That also works ;-)

#12 Kenpat

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Posted 17 May 2013 - 04:23 AM

That also works ;-)

& much safer!  :-D



#13 skippy1969

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Posted 17 May 2013 - 05:53 AM

& much safer!  :-D

 

Before we forget, let's all say :thankyou:  to :superduper: for having the patience to answer this question yet again.  When it comes to safety (Scott) we can never be too sure when using boxes from overseas (Scott) and should always exercise proper caution (Scott.)

 

Safety first! (Scotty!)

 

Now I'll get right back to work on this chip I blew up testing under power...

 

:lol:

Everyone is entitled to their own opinion last time I checked.

Just because Norm says he had a problem with his Hitachi.

Doesn't mean it's fact. 

And Kenpat I don't deserve or appreciated the public scolding here either. 



#14 AE_Stereo

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Posted 17 May 2013 - 06:26 AM

& much safer!  :-D

 

 

Yes. I feel it is safer. Hence whenever I get a new box in unknown condition, I switch it on the very first time with DC power supply. Apart from a shock hazard, it may also incur a lesser damage if there is a short circuit inside.

 

While using DC supply, make sure that the Polarity (+-) of the pins is matching with the box's pin configuration. I have seen many Japanese boxes with negative on the center pin and positive on the outer one, especially the National Panasonics.



#15 Kenpat

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Posted 17 May 2013 - 07:08 AM

A sad attempt at a joke,  I'm sure it was.  It was uncalled for.

 

Any Mod around?    This should be taken down.  The sooner the better.

 

I apologise, especially Skippy.  While I may have offended many, you're the one I insulted.

 

I'm sorry.



#16 BoomboxLover48

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Posted 17 May 2013 - 09:48 AM

I would never plug a 100V Boombox to a 120V line. Nope! That is me. It will put unnecessary stress to components and will shorten the life. Also never hook up to a gas generator if power goes off. Most components have 15 to 20% tolerance but still it is unsafe. Also I won't play a Boombox more than 60% of its volume. Basically I stay away from pushing the amp and speakers. Home audio systems I don't care pushing it a little bit. They can take it based on the power handling capacity. Boomboxes must be loved and gently handled.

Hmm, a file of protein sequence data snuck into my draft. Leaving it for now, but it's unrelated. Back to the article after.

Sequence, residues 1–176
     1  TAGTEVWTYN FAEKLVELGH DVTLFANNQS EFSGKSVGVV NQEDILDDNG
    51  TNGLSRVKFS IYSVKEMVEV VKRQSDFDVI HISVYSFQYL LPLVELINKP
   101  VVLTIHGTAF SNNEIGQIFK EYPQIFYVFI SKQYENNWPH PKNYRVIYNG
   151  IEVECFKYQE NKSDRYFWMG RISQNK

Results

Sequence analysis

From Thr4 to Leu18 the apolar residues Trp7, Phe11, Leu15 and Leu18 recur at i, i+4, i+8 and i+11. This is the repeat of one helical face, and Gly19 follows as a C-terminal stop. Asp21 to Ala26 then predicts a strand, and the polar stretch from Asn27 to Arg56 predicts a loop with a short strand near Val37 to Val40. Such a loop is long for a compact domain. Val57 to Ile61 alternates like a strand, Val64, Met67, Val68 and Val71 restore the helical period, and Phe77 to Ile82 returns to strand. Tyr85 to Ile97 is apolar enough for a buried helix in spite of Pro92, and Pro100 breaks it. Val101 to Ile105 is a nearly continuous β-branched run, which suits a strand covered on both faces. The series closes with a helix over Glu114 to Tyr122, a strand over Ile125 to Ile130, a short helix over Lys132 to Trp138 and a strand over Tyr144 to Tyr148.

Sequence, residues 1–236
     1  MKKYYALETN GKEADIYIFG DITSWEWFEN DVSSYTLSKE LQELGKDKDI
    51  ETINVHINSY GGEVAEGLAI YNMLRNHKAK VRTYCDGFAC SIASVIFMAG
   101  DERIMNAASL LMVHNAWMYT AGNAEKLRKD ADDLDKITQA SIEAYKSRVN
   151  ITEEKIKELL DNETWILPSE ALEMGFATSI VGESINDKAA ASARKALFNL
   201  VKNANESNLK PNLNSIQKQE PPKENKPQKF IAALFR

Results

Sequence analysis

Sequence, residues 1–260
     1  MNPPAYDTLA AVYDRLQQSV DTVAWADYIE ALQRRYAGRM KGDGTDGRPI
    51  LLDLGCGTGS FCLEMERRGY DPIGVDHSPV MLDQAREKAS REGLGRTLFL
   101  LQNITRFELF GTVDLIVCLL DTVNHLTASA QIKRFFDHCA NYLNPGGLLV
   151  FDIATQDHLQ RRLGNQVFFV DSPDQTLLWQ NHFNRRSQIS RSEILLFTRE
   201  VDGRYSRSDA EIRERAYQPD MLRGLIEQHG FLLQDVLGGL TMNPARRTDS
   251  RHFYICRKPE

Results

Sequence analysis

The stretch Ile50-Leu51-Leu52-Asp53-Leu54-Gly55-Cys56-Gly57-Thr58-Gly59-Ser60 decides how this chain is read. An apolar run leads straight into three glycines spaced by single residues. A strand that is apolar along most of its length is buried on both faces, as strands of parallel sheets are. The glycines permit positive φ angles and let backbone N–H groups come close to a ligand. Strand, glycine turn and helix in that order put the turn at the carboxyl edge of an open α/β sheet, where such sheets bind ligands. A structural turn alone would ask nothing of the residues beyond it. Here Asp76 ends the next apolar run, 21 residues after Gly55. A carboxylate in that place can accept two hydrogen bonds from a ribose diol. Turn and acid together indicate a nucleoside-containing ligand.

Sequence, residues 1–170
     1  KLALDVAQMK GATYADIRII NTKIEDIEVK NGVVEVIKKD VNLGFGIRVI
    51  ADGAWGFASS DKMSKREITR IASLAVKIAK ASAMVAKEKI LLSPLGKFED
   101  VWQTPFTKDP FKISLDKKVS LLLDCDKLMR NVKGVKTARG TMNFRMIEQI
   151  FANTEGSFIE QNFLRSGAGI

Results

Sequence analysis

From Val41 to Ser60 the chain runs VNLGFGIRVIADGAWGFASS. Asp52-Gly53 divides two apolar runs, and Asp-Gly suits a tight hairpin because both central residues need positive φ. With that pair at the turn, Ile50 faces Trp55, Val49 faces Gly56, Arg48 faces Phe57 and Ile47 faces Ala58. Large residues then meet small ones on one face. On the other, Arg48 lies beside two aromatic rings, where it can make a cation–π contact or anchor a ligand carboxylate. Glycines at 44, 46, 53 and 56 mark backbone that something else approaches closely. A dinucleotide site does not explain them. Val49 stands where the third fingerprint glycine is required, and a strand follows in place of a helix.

#17 BoomboxLover48

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Posted 17 May 2013 - 09:53 AM

Yes. I feel it is safer. Hence whenever I get a new box in unknown condition, I switch it on the very first time with DC power supply. Apart from a shock hazard, it may also incur a lesser damage if there is a short circuit inside. While using DC supply, make sure that the Polarity (+-) of the pins is matching with the box's pin configuration. I have seen many Japanese boxes with negative on the center pin and positive on the outer one, especially the National Panasonics.

That is correct!

#18 =ml=

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Posted 17 May 2013 - 10:12 AM

 

Just would like to know what is the general opinion about using AC to DC converter to feed 12V DC (or the specified voltage) instead of  going for an AC converter. 

 

I do that for my non-standard voltage boxes. 

 

Me too. If you do this, be mindful of the polarity of the pin; some are positive while others are negative. :hmmm:

 

Go!

 

=ml=



#19 Reli

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Posted 17 May 2013 - 10:52 AM

 

Also I won't play a Boombox more than 60% of its volume.

 

Hell, I've never owned a box that can even hit 40% without serious distortion.  :lol:  

Of course, that's because I usually use max bass and treble all the time, and Loudness on.  The only exception is the Telefunken Studio 1, but that's not really a boombox.



#20 blu_fuz